John Rajcic’s commentary of June 16, “Should government run like a business,” uses improper data to draw the wrong conclusion. In it he uses this nation’s GDP to develop our debt to income ratio and then implies we are doing better than major businesses because this ratio is lower. The problem is the gross revenue of the federal government is not the GDP but rather the revenue collected from taxes and that number is significantly lower.
Gross Domestic Product is the sum of all goods and services produced in the United States in a year. You can think of it as the total revenue generated by all businesses in the U.S. By equating this with the revenue of the federal government, Dr. Rajcic is implying that everything produced in this country belongs to the government. Let me say loud and clear: It does not!
This nation was formed on the premise that the government serves the people, not the people serving the government. Governments are a necessary drain on society. They are a bureaucracy set up, by us, its citizens, for mutual self-protection and domestic tranquility. To use business terms, government and taxes are an expense we must pay to ensure domestic tranquility.
Thus to correctly determine how the government is doing “as a business,” we must look at it as a profit center and measure revenue received in taxes, the money allocated to it for running its day-to-day operations, against expenditures. In this analysis, the federal government fails miserably. In 2011, the federal government is projected to have total direct revenue of $2.165 trillion with total expenditures of $3.8 trillion. In other words, our “domestic tranquility” department is spending $1.645 trillion or 75% more then we allocated. If the security department of your business went over budget by 75%, wouldn’t you fire the department head? To make matters worse, the overspending of this department has accumulated debt of $14.3 trillion over the years. This makes its income to debt ratio 14.3–1 not the 1-1 that Dr. Rajcic claims.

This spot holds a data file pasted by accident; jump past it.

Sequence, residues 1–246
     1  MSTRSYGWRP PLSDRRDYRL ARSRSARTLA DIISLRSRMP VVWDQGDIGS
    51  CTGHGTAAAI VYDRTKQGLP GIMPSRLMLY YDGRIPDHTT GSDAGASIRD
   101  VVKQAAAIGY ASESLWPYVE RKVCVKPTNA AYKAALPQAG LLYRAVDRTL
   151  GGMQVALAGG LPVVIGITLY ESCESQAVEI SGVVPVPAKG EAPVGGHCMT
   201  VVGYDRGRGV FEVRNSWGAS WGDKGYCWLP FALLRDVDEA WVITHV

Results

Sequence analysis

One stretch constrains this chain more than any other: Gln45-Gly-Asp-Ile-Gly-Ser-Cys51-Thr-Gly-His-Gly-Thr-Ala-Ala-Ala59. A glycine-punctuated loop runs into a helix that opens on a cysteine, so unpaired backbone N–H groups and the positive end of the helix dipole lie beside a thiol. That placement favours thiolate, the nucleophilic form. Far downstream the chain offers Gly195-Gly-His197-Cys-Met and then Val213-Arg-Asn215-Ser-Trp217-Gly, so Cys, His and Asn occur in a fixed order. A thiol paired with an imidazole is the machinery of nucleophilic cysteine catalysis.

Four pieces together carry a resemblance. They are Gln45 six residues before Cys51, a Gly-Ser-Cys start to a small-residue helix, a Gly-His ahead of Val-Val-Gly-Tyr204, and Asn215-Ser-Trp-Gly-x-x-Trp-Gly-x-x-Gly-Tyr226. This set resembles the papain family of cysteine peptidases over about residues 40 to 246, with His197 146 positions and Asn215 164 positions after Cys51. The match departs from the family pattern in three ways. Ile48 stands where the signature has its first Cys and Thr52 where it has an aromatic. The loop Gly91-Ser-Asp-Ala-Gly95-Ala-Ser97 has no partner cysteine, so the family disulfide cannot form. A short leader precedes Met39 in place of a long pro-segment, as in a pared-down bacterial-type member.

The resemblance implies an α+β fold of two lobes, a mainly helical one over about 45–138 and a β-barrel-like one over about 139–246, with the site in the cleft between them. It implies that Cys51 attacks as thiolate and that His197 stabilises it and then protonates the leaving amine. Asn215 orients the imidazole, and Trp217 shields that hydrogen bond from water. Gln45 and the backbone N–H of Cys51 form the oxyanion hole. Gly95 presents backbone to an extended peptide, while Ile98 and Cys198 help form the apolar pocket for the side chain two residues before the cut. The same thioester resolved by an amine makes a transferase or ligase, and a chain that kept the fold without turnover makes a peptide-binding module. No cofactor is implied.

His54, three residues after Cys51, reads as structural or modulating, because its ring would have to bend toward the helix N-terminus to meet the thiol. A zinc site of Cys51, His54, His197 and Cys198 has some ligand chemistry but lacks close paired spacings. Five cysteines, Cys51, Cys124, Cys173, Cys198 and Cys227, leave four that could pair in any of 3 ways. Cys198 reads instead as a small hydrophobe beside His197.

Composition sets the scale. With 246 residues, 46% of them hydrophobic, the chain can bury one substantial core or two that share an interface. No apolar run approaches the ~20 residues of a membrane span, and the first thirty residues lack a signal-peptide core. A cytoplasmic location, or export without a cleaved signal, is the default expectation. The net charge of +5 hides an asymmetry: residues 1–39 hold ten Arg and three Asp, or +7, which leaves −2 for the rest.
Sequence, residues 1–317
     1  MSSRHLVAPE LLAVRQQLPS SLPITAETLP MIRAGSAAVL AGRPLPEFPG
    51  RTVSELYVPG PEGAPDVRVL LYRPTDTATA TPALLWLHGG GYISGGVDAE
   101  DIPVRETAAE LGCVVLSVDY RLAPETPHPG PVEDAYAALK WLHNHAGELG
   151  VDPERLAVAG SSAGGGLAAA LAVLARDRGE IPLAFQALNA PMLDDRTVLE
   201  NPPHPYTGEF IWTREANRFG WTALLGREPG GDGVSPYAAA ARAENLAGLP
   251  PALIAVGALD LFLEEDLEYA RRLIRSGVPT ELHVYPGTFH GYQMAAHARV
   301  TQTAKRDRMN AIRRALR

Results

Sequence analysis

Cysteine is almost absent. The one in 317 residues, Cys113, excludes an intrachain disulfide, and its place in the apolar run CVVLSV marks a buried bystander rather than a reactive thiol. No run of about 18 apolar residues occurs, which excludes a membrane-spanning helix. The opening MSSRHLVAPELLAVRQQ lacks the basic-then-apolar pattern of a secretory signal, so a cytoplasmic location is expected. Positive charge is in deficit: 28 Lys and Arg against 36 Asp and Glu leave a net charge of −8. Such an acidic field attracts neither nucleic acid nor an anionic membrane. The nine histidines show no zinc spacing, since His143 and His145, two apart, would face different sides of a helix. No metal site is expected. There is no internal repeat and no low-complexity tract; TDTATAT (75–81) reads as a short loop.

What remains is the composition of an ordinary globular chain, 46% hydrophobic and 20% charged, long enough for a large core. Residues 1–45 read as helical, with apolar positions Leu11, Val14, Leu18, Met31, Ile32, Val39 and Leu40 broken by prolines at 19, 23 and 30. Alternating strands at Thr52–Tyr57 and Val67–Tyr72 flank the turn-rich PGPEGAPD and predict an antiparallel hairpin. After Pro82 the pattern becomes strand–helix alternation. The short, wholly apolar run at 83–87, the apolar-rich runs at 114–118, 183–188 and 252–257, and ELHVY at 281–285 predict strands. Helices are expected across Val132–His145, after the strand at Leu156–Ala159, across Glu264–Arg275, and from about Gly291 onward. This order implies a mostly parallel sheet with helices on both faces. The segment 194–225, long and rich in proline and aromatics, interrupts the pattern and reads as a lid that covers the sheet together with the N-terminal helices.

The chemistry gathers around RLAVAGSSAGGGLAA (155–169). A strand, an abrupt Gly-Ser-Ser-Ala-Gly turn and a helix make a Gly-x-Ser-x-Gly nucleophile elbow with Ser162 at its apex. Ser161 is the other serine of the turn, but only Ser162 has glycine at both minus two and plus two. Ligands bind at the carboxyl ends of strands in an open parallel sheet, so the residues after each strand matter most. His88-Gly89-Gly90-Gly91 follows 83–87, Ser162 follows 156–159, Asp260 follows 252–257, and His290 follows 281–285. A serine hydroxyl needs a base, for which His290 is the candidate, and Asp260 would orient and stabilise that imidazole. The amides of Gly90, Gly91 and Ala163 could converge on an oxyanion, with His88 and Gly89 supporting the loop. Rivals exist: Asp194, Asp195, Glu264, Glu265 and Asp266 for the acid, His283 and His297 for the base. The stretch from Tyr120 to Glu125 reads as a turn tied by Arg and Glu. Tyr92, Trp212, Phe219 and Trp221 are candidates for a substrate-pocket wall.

There is one more difference between government and business. When a business borrows, it is to invest. Normally in equipment that will generate more revenue. Thus, there is a direct return on investment. If a trucking company borrows to buy another truck, that truck is used to generate more revenue. If the revenue generated is more than the amount of the truck payments, then the investment makes sense and the business thrives. Since our government cannot generate its own revenue, borrowing money only takes away from its ability to provide us service. The more we borrow, the fewer tax dollars come back to us in service because we have to pay back the debt.
Dr. Rajcic is right about one thing. The power to tax is the power to destroy and by taxing ourselves we are destroying our nation. We are not “buying civilization,” we are burying it.
David Scott Rosenberg